In today’s Gospel the Blessed Mother reminds us that her story, and ours, is not one of rags to riches, but of rags to redemption. In singing the Magnificat she is rejoicing that the tatters of a world afflicted by sin with no hope of redemption on its own is taking a turn for the better with the coming of John the Baptist and Jesus. In becoming the Mother of God and of the Messiah she is celebrating that Our Lord is visiting his people and blessing the poor and the lowly, like her. The very fact that God chose this poor and humble girl to be his mother shows that wealth and status don’t mean much to him: he is captivated by poverty of spirit and humility, and that pulls down any pretensions the wealthy and mighty have about their merits before God.
Advent is almost over. Mary reminds us today that our cause for rejoicing should not be how many gifts we receive or how many people remember us at Christmas, but how blessed we’ve been by God. We may not have received everything we wanted this year, but Our Lord has blessed us with everything we truly need. Like Mary we should live this time praising God for the wonders he has worked in our lives and show gratitude to others for the gift they’ve been to us.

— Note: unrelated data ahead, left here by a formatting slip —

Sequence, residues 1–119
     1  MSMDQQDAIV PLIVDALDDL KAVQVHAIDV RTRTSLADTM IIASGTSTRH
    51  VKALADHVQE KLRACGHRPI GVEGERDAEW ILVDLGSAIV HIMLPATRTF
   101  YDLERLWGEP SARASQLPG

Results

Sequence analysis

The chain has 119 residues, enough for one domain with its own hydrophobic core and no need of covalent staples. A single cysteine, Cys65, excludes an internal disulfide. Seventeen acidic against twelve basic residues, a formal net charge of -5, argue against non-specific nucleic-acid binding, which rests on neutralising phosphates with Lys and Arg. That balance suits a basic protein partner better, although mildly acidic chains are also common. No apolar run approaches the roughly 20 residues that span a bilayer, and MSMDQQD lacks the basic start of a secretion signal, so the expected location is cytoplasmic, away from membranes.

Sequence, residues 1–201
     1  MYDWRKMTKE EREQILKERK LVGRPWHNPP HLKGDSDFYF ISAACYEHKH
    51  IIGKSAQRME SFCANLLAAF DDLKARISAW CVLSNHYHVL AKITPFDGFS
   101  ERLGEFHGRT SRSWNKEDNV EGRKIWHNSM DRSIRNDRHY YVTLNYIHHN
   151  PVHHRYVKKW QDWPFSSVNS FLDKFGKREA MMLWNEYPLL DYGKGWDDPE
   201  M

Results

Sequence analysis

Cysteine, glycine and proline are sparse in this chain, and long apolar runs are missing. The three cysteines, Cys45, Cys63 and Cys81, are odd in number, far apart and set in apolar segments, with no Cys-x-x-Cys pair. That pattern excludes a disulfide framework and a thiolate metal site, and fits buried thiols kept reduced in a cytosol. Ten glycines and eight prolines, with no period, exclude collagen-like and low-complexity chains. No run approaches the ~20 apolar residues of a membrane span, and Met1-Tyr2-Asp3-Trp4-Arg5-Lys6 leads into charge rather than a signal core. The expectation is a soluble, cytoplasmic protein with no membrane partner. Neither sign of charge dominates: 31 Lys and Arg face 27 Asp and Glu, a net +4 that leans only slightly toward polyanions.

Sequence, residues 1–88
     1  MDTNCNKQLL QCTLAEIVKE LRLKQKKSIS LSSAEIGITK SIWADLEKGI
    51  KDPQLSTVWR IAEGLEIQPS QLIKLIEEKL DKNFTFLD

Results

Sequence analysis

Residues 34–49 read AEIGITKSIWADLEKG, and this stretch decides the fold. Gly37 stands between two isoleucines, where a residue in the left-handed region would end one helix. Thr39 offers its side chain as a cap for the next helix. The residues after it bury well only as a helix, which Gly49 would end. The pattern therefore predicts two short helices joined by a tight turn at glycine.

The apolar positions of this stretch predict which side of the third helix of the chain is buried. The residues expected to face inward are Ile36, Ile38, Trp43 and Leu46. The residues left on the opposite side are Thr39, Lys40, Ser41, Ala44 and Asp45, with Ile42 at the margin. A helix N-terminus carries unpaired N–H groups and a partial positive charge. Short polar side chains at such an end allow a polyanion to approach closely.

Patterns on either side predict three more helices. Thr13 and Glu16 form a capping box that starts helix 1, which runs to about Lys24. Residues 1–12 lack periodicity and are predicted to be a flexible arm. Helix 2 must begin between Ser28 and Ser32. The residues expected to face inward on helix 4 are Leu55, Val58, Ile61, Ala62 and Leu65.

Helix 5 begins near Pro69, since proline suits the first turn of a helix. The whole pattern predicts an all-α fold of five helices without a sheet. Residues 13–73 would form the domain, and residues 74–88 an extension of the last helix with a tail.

Elizabeth yesterday tried to tell Mary how great she was; Mary responded not only by saying how great God was (the Magnificat), but by caring for Elizabeth as she prepared for John’s birth, despite the fact that Mary was in her first trimester, characterized by hormonal ups and downs. Let’s imitate the selflessness of the Blessed Mother and serve others even at the expense of our plans or comfort zone.
Readings: 1 Samuel 1:24–28; 1 Samuel 2:2, 4–8ab; Luke 1:46–56.